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Quantifying compensation in crop mixtures and monocultures
European Journal of Agronomy  (IF5.124),  Pub Date : 2021-10-19, DOI: 10.1016/j.eja.2021.126408
Thomas F. Döring, Heba Elsalahy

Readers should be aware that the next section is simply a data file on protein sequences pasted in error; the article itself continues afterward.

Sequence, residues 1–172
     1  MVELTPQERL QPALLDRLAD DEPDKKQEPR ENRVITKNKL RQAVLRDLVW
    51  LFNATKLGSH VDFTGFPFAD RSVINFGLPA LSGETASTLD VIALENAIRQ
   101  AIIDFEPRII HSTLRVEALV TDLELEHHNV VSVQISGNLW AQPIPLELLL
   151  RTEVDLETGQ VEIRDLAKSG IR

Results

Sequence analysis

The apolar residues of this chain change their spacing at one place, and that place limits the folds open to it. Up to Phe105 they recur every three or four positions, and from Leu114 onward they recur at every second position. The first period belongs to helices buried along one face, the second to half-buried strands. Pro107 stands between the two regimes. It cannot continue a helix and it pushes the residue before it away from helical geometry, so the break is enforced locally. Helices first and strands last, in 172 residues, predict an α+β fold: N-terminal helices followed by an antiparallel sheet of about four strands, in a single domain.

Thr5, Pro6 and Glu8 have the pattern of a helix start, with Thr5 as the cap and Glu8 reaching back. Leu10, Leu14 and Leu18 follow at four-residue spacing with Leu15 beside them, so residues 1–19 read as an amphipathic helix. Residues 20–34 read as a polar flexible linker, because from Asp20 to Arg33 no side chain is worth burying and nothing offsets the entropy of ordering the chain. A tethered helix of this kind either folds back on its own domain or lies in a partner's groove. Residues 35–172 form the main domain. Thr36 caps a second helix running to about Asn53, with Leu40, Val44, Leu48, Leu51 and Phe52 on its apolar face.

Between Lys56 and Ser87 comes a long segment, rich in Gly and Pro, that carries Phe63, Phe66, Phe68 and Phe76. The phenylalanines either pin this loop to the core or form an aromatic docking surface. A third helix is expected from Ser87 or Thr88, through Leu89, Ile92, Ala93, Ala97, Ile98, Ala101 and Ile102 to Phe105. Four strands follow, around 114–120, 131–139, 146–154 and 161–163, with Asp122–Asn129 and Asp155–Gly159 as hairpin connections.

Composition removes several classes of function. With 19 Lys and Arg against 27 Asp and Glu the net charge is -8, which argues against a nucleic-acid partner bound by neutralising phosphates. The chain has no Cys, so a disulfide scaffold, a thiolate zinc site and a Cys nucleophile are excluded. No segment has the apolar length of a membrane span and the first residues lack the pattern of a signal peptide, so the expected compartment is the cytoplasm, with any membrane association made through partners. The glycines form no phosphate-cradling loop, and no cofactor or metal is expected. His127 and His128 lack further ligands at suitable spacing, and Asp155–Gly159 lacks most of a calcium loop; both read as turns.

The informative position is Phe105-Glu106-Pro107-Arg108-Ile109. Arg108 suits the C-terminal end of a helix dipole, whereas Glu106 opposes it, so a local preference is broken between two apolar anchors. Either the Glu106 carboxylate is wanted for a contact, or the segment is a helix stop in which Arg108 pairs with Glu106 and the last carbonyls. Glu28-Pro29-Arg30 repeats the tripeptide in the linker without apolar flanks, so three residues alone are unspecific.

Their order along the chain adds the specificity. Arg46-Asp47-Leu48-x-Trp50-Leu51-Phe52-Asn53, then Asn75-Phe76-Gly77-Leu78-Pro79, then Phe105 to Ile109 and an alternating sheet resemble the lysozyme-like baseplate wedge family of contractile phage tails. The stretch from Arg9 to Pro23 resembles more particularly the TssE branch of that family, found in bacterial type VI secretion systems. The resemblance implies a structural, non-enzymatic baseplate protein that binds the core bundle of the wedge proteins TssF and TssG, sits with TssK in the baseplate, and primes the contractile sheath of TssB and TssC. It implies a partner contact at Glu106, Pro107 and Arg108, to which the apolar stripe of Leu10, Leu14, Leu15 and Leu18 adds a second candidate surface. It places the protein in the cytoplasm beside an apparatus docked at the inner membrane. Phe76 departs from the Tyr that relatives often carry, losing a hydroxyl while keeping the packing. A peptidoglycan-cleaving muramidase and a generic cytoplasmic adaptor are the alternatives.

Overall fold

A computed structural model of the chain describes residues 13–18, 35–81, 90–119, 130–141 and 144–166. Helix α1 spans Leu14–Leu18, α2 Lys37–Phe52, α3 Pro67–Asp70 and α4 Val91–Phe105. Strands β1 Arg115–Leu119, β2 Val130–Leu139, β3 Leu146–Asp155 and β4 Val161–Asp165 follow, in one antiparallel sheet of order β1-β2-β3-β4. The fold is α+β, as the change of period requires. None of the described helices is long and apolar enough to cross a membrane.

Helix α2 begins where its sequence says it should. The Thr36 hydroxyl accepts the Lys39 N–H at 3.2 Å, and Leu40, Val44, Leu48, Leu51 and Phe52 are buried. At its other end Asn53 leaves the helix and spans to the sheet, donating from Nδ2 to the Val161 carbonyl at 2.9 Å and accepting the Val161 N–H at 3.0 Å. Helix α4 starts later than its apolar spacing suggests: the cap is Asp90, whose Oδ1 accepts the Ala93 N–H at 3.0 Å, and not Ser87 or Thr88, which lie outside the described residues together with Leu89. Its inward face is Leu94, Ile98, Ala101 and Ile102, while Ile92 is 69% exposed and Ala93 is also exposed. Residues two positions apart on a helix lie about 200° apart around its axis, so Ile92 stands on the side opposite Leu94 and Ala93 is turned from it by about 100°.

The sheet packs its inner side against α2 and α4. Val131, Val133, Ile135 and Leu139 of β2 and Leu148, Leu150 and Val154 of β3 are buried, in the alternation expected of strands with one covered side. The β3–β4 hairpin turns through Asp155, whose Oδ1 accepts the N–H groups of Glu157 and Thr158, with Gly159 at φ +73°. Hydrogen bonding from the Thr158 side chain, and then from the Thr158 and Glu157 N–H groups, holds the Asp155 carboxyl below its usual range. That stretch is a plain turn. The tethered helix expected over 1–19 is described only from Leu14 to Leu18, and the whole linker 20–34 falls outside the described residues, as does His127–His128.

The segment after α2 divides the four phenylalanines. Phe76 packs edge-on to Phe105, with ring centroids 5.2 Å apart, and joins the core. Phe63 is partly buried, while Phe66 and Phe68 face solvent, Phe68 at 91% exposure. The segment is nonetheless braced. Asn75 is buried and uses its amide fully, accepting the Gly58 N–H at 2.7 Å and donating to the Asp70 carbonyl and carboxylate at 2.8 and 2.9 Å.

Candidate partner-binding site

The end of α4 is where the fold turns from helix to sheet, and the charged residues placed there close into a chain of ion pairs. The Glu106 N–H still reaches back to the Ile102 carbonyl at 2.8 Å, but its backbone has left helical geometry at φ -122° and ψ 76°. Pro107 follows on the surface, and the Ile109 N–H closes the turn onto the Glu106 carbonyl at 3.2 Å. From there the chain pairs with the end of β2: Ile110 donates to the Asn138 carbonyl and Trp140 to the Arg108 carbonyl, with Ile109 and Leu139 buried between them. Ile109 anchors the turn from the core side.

Compensation can be defined as a process by which a system is able to regain its normal state in response to losing a part of its structure. From genes to individuals to communities, compensatory processes ensure functionality, stability and resilience. While there is a rich literature on compensation in natural and semi-natural communities, as well as for crop monocultures, quantification of compensation in the context of diversified agro-ecosystems, such as binary crop mixtures, has remained underdeveloped. We elaborate a method of quantifying compensation which is consistent across systems of only one component (monocultures) and two component-systems (mixtures). Using plant communities and their response to loss of plant density as an example, we apply this concept to a published data set on experimentally grown monocultures and mixtures of beans and oats. Against loss of plant density, oat and bean monocultures compensated 46 % and 33 % of grain yield, respectively. Compensation in the mixture was small (9%) when compensating loss of bean density, but larger (42 %) when bean density was fixed, compensating against loss of oat density. Remarkably, in the case of fixed bean density, the mixtures did not show a higher degree of compensation than the oats monoculture (i.e. where bean density is fixed at zero seeds). Further, we generalize this approach by characterizing four variables, the Contributor (which suffers the loss that needs to be compensated; e.g. plant density), the Reductor (which leads to a reduction in the Contributor; e.g. a mortality factor reducing plant density), the Outcome (which is the variable of interest that directly depends on the Contributor; e.g. grain mass per unit area), and the Compensator (which represents the variable responsible for the compensation, e.g. the grain mass per remaining plant) and summarize this as the ‘CROC’ model of compensation. We provide a framework for quantitative research on compensation in intercropping and other contexts, and its relationship to resilience and stability. The analysis of compensation in mixtures can help to develop the potential of diversification for improving multifunctional performance of agro-ecosystems, especially in response to biotic and abiotic stresses.